For a photographer, consistency of work is paramount. True, there are times when one may not be able to find the perfect subject but that doesn’t mean one should get disheartened. The reason why Shiva chooses not to take names of people whose works he has admired is due to the fact that many of them have given up photography altogether. “The thing is, now it is easy to buy a camera and consider oneself as a photographer. But you constantly have to keep continuing your work. Only then you will get a good grip, you will get good subjects and it will be possible to create a good body of work”. Of course, there have been times for him when the project reaches a point where it moves slowly due to various factors. It takes time to build up a connection with a person as a subject and that requires a lot of planning. It is a two-way process in which the subject has to be comfortable with the artist as well for a fruitful outcome. For Shiva, a project can go on for as long as ten years but it can never actually reach a point of conclusion because there will always be a new perspective which will mushroom up. He gives the example of his Gandhi project and goes on to say that now he is finding new ways to project it differently. There are a lot of ideas and some of them might not work out but that doesn’t count as a failure.

Looking back at his life as a young boy from a small village, Shiva regrets the fact that he wasn’t born 20 years earlier. With gleaming eyes, he goes on to describe how as an artist it is necessary to look back in the past because it shapes who you are; all your experiences and ideas are noteworthy. “You can compare them and maybe work on an idea which came to you five years ago”, he reveals. His love for films has been a constant for around 20 years and every now and then he has an urge to work in that direction. As of now, this ambition is kept for another day because there are always financial aspects to consider first. No matter how ambitious his aspirations have been, his family has been a constant support for him. “My mother and sister don’t know much about art but they are happy with what I am doing and they are confident about me because I started working when I was 15 years old. I took care of my sister, my nephews. They are all settled now” he says with a smile.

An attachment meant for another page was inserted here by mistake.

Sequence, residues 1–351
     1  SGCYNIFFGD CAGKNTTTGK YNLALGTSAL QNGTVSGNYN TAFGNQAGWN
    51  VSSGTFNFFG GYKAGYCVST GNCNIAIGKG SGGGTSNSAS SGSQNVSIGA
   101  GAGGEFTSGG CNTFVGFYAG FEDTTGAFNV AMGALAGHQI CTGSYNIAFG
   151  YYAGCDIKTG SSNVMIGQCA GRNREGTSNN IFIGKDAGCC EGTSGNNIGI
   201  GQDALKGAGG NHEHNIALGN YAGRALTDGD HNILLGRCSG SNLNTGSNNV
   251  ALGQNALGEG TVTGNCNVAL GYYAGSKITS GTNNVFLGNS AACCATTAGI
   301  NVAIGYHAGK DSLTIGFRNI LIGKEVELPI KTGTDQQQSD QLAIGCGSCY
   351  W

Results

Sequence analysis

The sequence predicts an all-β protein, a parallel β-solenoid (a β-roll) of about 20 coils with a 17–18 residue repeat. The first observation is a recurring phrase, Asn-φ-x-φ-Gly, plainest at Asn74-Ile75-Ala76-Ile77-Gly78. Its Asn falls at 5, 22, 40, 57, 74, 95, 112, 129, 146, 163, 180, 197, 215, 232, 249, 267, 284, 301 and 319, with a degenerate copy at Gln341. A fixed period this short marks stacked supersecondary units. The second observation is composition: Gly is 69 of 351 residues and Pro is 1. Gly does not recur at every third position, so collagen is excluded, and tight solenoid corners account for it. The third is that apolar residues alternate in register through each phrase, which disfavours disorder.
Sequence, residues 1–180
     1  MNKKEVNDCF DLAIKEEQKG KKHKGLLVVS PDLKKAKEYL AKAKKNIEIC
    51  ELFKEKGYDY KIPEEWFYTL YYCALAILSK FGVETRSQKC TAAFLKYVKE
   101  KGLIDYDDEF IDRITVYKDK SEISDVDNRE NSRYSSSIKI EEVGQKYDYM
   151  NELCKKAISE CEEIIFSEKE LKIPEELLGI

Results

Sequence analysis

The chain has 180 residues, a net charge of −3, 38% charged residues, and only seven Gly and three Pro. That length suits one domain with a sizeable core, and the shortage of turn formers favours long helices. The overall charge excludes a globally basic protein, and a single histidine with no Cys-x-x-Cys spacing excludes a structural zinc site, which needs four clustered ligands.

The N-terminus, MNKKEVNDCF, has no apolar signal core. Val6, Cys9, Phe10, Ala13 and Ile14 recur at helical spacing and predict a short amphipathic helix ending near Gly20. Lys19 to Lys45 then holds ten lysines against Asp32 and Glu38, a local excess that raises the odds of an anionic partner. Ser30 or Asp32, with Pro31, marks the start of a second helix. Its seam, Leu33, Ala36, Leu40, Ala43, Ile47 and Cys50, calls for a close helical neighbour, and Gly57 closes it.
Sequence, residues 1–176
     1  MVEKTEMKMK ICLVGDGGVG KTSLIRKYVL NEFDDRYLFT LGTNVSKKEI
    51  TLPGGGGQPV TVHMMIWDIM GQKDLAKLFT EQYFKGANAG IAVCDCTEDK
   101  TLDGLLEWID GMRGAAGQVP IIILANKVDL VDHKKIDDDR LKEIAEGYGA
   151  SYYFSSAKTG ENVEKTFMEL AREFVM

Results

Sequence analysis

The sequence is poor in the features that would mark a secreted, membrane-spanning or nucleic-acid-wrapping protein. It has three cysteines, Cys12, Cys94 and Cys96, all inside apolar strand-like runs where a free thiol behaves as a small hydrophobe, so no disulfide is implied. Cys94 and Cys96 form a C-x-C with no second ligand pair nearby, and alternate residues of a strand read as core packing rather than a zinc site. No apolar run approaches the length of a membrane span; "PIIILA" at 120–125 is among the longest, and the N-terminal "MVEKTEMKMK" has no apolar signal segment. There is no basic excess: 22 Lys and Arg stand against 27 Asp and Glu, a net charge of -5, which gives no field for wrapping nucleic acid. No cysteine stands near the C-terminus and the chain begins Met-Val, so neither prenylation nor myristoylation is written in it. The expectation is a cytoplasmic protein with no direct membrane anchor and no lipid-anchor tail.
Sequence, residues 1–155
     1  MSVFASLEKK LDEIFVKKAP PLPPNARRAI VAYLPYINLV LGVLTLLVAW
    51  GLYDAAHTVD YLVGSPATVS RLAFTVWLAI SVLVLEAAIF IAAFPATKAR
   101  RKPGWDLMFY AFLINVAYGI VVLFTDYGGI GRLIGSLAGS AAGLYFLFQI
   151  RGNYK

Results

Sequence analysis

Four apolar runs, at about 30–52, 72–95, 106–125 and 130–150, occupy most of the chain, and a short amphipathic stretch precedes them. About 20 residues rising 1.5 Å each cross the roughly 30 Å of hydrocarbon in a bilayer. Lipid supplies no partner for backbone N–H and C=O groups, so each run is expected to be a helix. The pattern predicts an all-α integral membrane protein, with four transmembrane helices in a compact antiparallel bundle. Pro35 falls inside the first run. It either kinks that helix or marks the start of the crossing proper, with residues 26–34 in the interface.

At the onset of his career, Shiva was working rigorously without taking any breaks but now, he has reached a point where he can slow down a bit and reflect on what he has done. But still, he feels that there is a lot that needs to be done. One of the things that he wants to make a reality from his long list of to-dos is to travel across the country. He has been to many places abroad; he recently attended a three-month residency programme in Sweden and there is an upcoming one in Switzerland. “Because of my life and job as a policeman, I couldn’t travel much. There are a lot of things I have missed” he says. Apart from that, there are three projects in the pipeline which will be seeing the light of day soon.

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Church Street 2017: In pictures

 

 

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Church Street is located almost in the middle of the map of Bangalore and is regarded by many as the numero uno destination for the youth of the city. The 750 metres stretch houses some of the most iconic places in Bangalore like Blossom Book House, Church Street Social, Amoeba Sports Bar, Indian Coffee House, Hotel Empire and numerous pubs for the thirsty weekenders. BBMP took an ambitious step in February 2017 to create an underground electricity and water pipeline system and as a result, the entire stretch of road had to be dug up. The estimated time allotted for the entire project was six months. It has been more than six months now and the work is far from complete. Business has been affected and the public hasn’t been happy with the turn of events. The pictures below show the Church Street of 2017.

 

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If one gets down in front of Hotel Empire, this is what he/she would be greeted with. Currently, this part of the street is the most affected as there is construction happening on both sides of the road as a result of which entry to Church Street has been stopped temporarily. Parking outside Hotel Empire has been prohibited, much to the dismay of the staff. “Business has been hit really hard. People have turned away because there is no place to park their huge vehicles”, says Sayed, an employee of Hotel Empire. Access to the hotel has been closed from one side which has been causing inconvenience to customers. The street becomes increasingly muddy due to all of the digging which is a nightmare for pedestrians.